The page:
Health professionals take the rabies virus very seriously, as it results in a very high rate of mortality (deaths) for those who contract the disease. It is most often associated with a bite from a wild animal or an unvaccinated dog that has the disease.
How Rabies is transferred
The rabies virus is transferred from one mammal to another by saliva, which is why it is normally passed on by a bite from an infected animal. There are cases, however, of animals with rabies licking an open wound or transferring saliva without actually biting anyone or any other animal – by drooling on someone, for example. Rabies is so deadly that any time you suspect you have come in contact with an infected animal, you should seek medical treatment immediately.
Just for example, if you wake up and find that a bat has entered your home while you were asleep, you should carefully capture or kill the bat if possible and bring it – not touching the animal directly – to a laboratory. In the meantime, assume you have been infected even if you cannot find a bite wound.
Does the Animal Have Rabies?
There are two methods of finding out if an animal has rabies or not. The first involves keeping the animal in quarantine and observing its behavior for a period of 10 days. Doctors will know by then if the animal has rabies nor not.
The second technique involves examining tissues of the animal’s brain. As such, if you can capture the animal, that will work, but if you have to kill the animal to bring it in for testing, try to do so without bashing or shooting the animal in the head, as that could make it impossible to determine in a lab if the animal had rabies.
Any Mammal Can Have Rabies
Any mammal can carry the rabies virus. This means any animal that gives milk to its young can be infected. The list of mammals is, of course, long, but the most commonly cited carriers are those that come into close contact with people. Those include:
Anyone who handles animals routinely as part of their work is at higher risk of contracting rabies, as are travelers, especially if your travels take you through parts of Africa or Southeast Asia. Children are at higher risk, as they do not always act in their best interest around wild animals. People who work in testing laboratories are also at higher risk.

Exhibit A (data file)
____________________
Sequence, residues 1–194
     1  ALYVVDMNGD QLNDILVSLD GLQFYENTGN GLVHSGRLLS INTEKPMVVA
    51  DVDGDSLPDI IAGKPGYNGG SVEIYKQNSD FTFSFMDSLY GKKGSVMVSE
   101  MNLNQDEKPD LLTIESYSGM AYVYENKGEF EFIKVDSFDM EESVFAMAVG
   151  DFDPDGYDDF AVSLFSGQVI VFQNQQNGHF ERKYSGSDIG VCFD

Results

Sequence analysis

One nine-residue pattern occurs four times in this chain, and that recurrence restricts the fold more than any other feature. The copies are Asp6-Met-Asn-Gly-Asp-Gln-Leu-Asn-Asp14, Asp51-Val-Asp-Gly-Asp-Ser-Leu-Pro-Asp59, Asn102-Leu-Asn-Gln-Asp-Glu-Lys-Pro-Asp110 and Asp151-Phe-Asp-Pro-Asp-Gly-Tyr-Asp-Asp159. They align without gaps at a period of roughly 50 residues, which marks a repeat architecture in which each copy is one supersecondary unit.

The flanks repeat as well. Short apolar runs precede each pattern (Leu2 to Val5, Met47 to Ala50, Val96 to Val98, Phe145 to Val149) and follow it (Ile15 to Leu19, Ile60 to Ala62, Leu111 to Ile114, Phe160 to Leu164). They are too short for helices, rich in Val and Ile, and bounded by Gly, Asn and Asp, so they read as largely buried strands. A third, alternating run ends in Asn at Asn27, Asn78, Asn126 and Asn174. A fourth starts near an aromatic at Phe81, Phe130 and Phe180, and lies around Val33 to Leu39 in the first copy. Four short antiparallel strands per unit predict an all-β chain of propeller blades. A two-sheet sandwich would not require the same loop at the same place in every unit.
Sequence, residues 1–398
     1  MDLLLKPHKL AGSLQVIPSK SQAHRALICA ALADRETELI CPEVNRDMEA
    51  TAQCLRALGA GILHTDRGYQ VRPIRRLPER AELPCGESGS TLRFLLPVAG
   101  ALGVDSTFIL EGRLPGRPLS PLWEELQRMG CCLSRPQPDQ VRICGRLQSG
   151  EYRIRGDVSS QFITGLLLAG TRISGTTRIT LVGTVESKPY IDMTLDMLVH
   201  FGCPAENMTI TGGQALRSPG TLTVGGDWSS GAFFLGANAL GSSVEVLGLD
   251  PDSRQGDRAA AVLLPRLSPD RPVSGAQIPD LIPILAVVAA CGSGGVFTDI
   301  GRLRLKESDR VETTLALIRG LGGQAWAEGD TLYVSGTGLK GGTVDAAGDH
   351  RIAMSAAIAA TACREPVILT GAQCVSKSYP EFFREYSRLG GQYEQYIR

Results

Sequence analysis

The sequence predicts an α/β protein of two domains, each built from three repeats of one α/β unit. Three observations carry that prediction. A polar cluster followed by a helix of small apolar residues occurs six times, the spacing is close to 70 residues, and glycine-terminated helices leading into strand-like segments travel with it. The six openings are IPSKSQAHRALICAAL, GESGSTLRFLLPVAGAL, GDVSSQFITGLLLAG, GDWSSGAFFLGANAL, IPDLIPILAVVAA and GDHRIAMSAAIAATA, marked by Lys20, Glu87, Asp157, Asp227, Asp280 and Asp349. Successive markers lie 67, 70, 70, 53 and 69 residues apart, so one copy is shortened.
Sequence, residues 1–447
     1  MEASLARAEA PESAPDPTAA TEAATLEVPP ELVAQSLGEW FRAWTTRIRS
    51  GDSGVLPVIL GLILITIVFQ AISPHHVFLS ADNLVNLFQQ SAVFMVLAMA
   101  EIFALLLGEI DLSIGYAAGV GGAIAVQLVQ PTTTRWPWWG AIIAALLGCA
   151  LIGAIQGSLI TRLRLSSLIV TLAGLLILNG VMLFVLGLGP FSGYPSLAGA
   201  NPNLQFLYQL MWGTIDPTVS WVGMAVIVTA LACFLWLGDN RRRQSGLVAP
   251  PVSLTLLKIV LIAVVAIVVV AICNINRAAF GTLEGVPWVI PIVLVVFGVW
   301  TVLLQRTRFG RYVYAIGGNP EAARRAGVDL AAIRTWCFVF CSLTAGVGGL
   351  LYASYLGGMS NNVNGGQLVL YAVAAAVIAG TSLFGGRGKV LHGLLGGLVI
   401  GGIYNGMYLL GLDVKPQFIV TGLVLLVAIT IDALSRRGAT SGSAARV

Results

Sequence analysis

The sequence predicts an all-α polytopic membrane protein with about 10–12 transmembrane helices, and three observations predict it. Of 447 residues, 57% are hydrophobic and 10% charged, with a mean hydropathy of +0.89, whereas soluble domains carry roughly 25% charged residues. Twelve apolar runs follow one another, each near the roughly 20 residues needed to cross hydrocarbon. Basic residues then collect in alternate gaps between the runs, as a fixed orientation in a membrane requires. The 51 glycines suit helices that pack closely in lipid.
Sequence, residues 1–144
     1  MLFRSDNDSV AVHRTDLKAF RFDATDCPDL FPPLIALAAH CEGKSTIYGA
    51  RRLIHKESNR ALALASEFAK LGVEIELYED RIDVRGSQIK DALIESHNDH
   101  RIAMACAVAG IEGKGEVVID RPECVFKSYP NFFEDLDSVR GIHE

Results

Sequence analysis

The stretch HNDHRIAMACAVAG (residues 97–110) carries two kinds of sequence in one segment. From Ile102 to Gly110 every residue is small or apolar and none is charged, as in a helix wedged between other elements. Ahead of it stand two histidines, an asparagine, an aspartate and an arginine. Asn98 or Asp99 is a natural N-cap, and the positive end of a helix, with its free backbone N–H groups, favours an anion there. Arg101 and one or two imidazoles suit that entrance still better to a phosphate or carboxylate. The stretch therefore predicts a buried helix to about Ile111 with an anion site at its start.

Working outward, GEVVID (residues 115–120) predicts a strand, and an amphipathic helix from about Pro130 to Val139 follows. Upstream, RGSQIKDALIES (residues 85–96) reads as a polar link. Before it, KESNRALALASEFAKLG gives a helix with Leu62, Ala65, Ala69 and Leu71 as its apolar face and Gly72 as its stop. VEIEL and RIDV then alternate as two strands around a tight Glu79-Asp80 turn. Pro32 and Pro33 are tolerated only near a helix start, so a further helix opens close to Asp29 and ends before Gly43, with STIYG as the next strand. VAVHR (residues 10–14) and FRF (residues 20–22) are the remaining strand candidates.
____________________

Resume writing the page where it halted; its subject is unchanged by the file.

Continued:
In addition, it should be noted that the time the virus can take hold is quicker if your wound or bite is on your neck or head, as it takes less time for the virus to reach your brain.
If you suspect you have come into contact with an animal with rabies, seek medical attention immediately. The symptoms of rabies are mostly flu-like symptoms that include running a fever, headaches, confusion, fatigue, anxiety, trouble swallowing, sweating, and nausea. Symptoms can also include hallucinations, partial paralysis, and hydrophobia (fear of water), which are triggered by the difficulty of swallowing fluids.
The immediate care for rabies includes washing the wound gently, which may remove some of the salivae that are infectious. After that, you should get a rabies vaccination shot as soon as possible.
The first shot, generally given in the arm, must be followed up by a series of additional vaccination shots. If they are not given on time, rabies is almost always fatal.
If you suspect you have had contact with a wild mammal or a domesticated animal that might be sick, you should rush to the nearest emergency room or to a clinic that can provide the rabies vaccination. In San Diego, call Pacific Medical Care at 619-333-8114 for assistance.